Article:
Somehow, the moronic self-censorship we call political correctness has led liberal-minded anti-racists to accept some forms of racism as OK – or at least, less bad than other forms. If it’s OK for black people to link white people with the evils of Empire, can I link all native Americans to the human sacrifice carried out by Mayan society? And black people sure have a lot of explaining to do over the behaviour of Idi Amin and countless other black mass-murderering leaders.

By defending Abbott’s little racial slip as somehow “more valid” than if a white person said it (based on false “historical accuracy”), all racists win. I’ve always fought against racist morons like the National Front and the British National Party who attack Jewish, black and Asian people. Why would I then accept racism from black people as OK? Racism is either acceptable or it’s not – it’s really that simple.

11 thoughts on “P Is For Political Correctness”

  1. I don’t think that Dianne Abbott meant ALL white people at alll. As you know, Twitter is a 140 character-constrained medium – meaning can be (and is often) misconstrued.

    But historically Western Europeans (whites, if you like) have had the upper-hand colonially. And, as you point out, this was done using classic “divide and rule” techniques as always.

    I don’t think it’s a coincidence that the most diverse and minerally wealthy continent on the planet is the poorest and the most violent. Western corporations (and their respective governments) have an interest in keeping it that way – it keeps labour costs down and allows them to siphon off most of the wealth.

    Perhaps she should have said “Western corporations love playing divide & rule”. And who heads up them (and their respective governments)?

    I think she’s been taken too literally.

    1. My genuine question to you is: if (let’s say) Nadine Dorries had said “Black people like…” followed by something negative; can you imagine any ending to that sentence you would find acceptable?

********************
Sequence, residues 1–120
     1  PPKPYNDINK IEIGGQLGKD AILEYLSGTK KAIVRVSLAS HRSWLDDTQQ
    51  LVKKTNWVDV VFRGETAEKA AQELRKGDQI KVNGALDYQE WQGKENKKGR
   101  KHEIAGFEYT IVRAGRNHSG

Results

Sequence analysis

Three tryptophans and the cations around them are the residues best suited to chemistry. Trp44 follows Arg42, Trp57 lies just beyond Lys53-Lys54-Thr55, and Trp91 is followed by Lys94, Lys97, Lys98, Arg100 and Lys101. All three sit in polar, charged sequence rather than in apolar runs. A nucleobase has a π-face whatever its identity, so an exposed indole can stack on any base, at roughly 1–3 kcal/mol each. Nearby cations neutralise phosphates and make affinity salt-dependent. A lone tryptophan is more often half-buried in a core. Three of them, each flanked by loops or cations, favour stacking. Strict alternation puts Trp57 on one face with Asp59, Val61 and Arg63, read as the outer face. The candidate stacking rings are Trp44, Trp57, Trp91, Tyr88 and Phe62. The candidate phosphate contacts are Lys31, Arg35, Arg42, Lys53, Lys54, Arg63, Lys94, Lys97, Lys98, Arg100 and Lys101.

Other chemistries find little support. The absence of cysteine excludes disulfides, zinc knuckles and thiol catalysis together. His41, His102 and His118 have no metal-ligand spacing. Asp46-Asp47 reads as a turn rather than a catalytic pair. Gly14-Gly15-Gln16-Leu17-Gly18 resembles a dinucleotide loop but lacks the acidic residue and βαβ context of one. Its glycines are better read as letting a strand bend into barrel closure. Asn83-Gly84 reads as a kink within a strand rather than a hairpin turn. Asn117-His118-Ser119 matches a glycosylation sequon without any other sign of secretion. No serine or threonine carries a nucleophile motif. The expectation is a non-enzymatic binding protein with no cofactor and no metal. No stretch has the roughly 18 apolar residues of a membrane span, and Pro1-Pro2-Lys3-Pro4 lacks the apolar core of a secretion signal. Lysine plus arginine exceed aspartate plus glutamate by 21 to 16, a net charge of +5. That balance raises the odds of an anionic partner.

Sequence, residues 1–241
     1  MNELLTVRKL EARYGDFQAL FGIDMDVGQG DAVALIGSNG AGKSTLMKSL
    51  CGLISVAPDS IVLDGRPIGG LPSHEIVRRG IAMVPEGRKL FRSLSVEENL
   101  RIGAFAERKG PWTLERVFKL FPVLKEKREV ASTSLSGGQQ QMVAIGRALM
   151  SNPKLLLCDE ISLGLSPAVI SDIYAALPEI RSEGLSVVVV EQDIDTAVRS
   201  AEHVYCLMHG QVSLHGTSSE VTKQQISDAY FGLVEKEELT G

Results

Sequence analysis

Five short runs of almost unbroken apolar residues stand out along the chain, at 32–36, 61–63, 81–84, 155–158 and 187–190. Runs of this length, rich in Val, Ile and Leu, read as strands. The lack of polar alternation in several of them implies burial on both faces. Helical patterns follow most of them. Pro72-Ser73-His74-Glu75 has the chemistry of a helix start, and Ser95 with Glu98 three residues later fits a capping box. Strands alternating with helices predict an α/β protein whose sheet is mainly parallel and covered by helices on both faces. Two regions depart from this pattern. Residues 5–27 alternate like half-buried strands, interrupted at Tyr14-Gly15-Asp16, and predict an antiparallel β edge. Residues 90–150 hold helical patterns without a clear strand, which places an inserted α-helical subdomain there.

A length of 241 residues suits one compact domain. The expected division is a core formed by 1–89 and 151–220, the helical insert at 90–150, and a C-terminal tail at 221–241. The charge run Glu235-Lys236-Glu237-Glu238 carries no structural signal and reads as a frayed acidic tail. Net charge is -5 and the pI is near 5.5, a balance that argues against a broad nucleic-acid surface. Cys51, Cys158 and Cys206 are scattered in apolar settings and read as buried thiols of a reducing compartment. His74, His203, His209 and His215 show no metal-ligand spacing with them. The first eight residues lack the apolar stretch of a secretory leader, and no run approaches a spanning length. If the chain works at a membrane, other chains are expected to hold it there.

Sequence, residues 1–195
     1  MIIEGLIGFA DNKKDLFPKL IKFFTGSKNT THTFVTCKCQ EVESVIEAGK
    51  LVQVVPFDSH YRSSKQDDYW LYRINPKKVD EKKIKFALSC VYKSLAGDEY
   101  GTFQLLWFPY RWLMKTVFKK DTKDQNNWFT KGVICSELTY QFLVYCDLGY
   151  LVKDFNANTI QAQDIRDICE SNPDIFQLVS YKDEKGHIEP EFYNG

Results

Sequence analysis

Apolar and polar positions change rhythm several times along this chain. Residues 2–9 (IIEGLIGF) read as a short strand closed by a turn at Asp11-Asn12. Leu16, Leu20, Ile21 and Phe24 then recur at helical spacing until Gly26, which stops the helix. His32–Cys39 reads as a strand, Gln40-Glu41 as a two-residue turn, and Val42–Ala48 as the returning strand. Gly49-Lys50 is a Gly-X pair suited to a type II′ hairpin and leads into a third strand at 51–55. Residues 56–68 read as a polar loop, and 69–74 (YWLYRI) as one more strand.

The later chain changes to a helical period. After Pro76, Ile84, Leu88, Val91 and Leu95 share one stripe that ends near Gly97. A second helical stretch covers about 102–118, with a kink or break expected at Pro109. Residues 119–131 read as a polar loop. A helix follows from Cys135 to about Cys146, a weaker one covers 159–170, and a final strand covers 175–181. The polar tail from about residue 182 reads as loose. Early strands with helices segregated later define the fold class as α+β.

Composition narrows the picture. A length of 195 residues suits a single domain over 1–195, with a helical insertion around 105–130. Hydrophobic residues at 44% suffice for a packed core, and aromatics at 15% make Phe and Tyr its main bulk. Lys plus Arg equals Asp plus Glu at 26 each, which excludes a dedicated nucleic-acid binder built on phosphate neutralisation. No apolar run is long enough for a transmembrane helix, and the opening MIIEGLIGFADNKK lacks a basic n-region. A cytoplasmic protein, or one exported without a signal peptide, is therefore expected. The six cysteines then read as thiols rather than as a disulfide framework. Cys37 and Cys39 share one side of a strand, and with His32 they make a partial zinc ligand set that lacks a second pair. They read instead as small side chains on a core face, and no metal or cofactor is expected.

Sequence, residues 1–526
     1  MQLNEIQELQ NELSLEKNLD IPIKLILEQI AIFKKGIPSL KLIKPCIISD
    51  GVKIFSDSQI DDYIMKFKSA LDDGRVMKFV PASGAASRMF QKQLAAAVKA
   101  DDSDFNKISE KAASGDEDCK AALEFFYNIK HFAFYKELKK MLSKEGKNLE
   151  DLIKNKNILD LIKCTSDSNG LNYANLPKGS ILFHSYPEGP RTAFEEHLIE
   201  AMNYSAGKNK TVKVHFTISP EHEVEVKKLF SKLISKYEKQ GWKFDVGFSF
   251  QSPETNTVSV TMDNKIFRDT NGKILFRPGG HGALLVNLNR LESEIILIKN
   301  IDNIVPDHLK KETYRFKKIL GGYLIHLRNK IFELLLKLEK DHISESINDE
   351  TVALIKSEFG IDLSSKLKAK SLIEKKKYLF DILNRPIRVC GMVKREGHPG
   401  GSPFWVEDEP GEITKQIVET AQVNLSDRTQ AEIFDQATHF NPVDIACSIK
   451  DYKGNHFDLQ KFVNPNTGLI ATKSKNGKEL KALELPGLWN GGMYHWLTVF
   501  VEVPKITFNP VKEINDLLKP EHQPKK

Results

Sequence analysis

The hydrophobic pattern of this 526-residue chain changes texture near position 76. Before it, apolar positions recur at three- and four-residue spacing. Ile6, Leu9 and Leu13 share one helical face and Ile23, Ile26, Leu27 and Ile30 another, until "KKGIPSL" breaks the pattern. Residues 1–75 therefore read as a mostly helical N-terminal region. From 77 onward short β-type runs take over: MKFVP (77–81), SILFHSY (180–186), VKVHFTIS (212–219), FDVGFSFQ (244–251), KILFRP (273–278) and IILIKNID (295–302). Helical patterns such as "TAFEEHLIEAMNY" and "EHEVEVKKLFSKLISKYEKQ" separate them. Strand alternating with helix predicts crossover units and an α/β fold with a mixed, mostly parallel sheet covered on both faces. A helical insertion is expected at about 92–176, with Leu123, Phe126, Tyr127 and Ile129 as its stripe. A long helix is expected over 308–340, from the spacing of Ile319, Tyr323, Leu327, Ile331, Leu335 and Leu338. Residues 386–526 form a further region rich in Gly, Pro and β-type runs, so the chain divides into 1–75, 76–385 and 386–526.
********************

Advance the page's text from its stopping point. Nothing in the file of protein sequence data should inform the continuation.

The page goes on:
2. the fact is divide and rule is a technique used by human beings to gain control-simple. to link it to any race ,gender,group etc is ignorant and perpetuates more divisiveness. her influential public position demands more mindful speech

  2. I like your style of argument. On the subject of whether Dianne Abbot was racist I can only say I was not offended by her remarks. I think they may be silly and her ideas half-baked but I doubt she meant offence and as I say none was taken by me.

    Just one question from me (albeit very silly). Who would win in a fight between Aiden Burley (Tory MP with a penchant for Nazi-themed nights out) and Dianne Abbot (Labour MP with silly views)? I think the public has a right to know the answer to this question.

  3. Hyper pedantic point – but Rwanda was a German colony when all the very worst stuff went on the Congo Free State. Thereafter it was a Belgian mandate.

    So, the Germans were to blame. Like most things.

  4. I believe you’re referring to Dorian Lynskey. If so, why did you fail to mention that he criticised Diane Abbott’s ‘careless oversimplification’? It’s all very well pulling an argument apart, but it’s less impressive when you cherry pick the bits you want to critique.

    I believe the main thrust of his argument was that there is – in terms of real impact – a prevalent prejudice in our society that is white on black.

    What Diane Abbott said was thoughtless and counterproductive, but if the extent of anyone’s exposure to ‘racist’ treatment today is getting willfully enraged by a tweet then I put it to you that you that they are much better off than many who have to deal with actual prejudice, overt or otherwise, daily. I’ll take a blundering microblog over stop and search any day of the week.

  5. Isn’t this just a simple case of unfortunate and perhaps accidental generalisation on behalf of abbot? As a former history student the crimes of the Nazis were often described in books and by lecturers as crimes committed by Germans. Does this imply racism or just a general (if not unfair) turn of phrase?

    Just because abbot refers to colonial powers as white people does not imply racism in my book, It is a fact. They were white, they did play ‘divide and rule’ to the detriment of the nations they invaded. It is an unfair generalisation but it is not racist

  6. Excellent article. I usually like Dianne but was very unimpressed with her moronic comment. She really should read this.